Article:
Methods: Hospitalized adults with a confirmed mono-microbial bacteremia admitted from June 2016 to December 2017 were included. Patients were stratified by definitive therapy (DT) with CC or AT. The AT group was treated with fluoroquinolones, 3rd-generation cephalosporins, piperacillin-tazobactam, aztreonam, or tobramycin. The primary outcome was in-hospital mortality. Secondary outcomes included treatment failure, microbiological failure, hospital length of stay (LOS), and intensive care unit LOS. Multiple regression analysis was used to adjust for potential confounding variables.
Results: Of 68 patients meeting eligibility criteria, 46% received CC for DT. Enterobacteriaceae were isolated in 45% of patients in the CC group. In-hospital mortality was 32% and 3% (p = 0.0017) in the CC and AT groups, respectively. Source control, APACHE II score on the date of index culture, and immune status did not differ between groups. Definitive CC therapy was independently associated with mortality (odds ratio, 15.17; 95% confidence interval, 1.69-135.76; p = 0.0150). Only 6 (9%) patients received AT as empiric and DT. Those who received definitive AT received a median of 5 days (interquartile range, 3-9 days) of CC prior to being switched to AT.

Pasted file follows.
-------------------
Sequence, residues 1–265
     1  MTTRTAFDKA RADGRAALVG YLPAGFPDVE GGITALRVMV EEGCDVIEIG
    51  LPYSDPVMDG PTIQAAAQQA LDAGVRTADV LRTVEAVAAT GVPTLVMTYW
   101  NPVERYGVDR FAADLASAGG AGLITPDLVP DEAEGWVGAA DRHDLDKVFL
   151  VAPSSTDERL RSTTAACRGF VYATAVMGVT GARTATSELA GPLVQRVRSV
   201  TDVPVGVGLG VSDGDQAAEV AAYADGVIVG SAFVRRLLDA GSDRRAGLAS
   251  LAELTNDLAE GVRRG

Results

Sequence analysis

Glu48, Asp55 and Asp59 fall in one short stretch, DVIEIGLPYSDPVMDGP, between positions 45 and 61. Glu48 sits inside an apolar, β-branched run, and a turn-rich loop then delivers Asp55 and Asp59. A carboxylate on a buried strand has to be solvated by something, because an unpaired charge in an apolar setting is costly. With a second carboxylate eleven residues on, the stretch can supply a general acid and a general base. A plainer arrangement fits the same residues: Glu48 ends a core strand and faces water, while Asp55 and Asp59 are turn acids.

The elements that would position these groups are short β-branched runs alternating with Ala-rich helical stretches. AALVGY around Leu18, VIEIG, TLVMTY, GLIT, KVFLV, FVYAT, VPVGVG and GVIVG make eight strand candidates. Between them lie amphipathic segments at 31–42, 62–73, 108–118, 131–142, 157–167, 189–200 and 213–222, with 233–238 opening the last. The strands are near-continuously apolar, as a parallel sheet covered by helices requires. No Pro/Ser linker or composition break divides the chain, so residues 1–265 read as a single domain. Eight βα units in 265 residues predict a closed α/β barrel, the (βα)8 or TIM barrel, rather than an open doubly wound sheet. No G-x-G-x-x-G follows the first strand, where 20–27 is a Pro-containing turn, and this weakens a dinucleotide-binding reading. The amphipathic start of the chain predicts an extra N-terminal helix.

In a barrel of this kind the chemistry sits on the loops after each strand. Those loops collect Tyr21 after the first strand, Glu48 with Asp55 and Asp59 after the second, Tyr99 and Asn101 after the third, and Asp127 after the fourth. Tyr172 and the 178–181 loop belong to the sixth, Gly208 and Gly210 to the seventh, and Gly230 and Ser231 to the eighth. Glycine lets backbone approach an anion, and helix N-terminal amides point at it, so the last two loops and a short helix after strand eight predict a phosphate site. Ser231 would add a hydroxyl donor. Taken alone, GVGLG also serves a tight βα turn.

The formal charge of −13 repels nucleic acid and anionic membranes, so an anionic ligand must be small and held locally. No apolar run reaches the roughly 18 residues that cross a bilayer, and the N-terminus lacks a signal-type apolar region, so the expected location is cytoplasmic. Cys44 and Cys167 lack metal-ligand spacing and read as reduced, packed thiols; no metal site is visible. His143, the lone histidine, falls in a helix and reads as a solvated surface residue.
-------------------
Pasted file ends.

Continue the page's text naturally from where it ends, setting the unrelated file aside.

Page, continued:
Conclusion: While most patients received empiric CC, definitive treatment with CC was found to be an independent predictor of in-hospital mortality. These findings suggest that AT may be a de-escalation treatment strategy for clinicians to consider. However, these results should be confirmed in a larger population.
H. Palmer Russo, None